By the time I was halfway through "Tales of the Slayer, Volume 2" I knew that my main comment was going to be that these stories were basically gimmicks, where the execution either is not up to the idea or the story fails to take advantage of it. Still, there are definitely some bright spots within these pages. Just remember going into this one that it saves the best for last, so do not get too disheartened:
"All That You Do Comes Back Unto Thee, Sunnydale, California, 2000," by Todd A. McIntosh is about a Sunnydale boy who messes with the dark arts. This is set more recently but it really reminds me of the spirit of "Buffy the Vampire Slayer" back in the first couple of seasons when the gang was back in high school. It does establish a sort of baseline for the stories in this book at 3 Stakes.
"Lady Shobu, Sagami Province, Japan, 980," by Kara Dalkey is the story of a Slayer who must function within the Japanese court. This is a problem because ladies at court are not supposed to be out and about staking vampires. The vampire situation she encounters is pretty good, and Dalkey provides excellent period detail, but I did have a problem with this Slayer being dumped into this situation with minimal explanation (although there is a reason for that in terms of the ending). 4 Stakes.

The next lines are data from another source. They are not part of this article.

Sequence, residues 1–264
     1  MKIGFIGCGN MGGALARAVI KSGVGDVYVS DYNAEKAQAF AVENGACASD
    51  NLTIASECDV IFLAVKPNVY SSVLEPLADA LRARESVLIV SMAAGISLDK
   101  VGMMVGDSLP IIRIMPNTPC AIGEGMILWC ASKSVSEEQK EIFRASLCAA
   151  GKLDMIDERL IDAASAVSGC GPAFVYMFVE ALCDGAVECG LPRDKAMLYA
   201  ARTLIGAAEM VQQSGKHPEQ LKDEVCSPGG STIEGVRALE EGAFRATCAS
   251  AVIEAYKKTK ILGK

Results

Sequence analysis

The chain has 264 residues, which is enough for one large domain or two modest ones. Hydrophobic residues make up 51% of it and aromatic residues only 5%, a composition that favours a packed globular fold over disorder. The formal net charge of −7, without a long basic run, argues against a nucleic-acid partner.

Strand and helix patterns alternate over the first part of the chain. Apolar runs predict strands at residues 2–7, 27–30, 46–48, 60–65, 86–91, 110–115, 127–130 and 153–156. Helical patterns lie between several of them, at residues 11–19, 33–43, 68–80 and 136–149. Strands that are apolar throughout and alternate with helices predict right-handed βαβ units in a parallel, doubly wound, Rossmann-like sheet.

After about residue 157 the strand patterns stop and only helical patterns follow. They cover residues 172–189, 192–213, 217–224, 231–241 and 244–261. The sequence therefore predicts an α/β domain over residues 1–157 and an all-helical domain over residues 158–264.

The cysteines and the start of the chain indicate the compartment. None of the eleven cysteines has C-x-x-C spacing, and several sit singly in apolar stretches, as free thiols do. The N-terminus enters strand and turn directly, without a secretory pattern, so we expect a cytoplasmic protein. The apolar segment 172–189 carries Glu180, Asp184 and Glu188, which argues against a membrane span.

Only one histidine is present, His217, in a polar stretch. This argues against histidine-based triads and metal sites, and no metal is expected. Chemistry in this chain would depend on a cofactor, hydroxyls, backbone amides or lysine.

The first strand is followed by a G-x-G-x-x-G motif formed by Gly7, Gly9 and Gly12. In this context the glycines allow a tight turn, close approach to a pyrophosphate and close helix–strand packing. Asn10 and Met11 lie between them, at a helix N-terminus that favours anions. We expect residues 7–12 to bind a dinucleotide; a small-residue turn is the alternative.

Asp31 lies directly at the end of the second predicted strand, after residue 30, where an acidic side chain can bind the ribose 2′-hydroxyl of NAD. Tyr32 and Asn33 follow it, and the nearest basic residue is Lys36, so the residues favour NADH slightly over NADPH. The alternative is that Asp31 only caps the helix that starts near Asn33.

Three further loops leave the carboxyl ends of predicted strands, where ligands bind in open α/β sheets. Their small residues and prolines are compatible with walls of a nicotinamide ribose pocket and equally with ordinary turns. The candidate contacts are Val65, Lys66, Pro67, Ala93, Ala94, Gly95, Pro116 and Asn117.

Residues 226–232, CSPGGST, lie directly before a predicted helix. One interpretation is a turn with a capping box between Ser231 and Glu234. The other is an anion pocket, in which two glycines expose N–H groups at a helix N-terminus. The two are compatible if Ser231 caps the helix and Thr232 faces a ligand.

"Abomination, Beauport, Brittany, France, 1320," by Laura J. Burns and Melinda Mertz is about a Slayer who is not only a mother she refuses to obey the Council until her husband is returned to her. She had the kids BEFORE she became the Slayer, which begs a lot of interesting questions (I always had an idea that if Buffy became pregnant she would not be the Slayer anymore, i.e., a way of getting her out of the series alive).
Read more ›
Comment Was this review helpful to you? Yes No Sending feedback...
Thank you for your feedback. If this review is inappropriate, please let us know.
Sorry, we failed to record your vote. Please try again
17 of 19 people found the following review helpful By J.B. on March 7, 2003
Format: Paperback
In my review of the first Tales of the Slayer compilation, I stated that the stories involved were uneven. The same thing is wrong with this book, but it still manages to entertain. Like any collection of short stories, this novel is bound to have its high and low points. What follow are mini-reviews of each story:
"All That You Do Comes Back Unto Thee" - The first story in this book tells a story about Buffy. It's written (sometimes poorly) by series makeup artist Todd A. McIntosh, and it's about a boy who dabbles in the black arts and awakens the spirit of an ancient Egyptian mummy. It is slowly paced and actually boring at times.
"Lady Shobu" - This is one of the better stories in the book. It tells the tale of a warrior woman in Japan who is called to the home of the Great Lady. She learns of her calling as the Slayer and sets out to find the place on the Lady's grounds where the demons are gathering. A very well-written piece of work... hopefully we will see more of Kara Dalkey in future Buffy novels.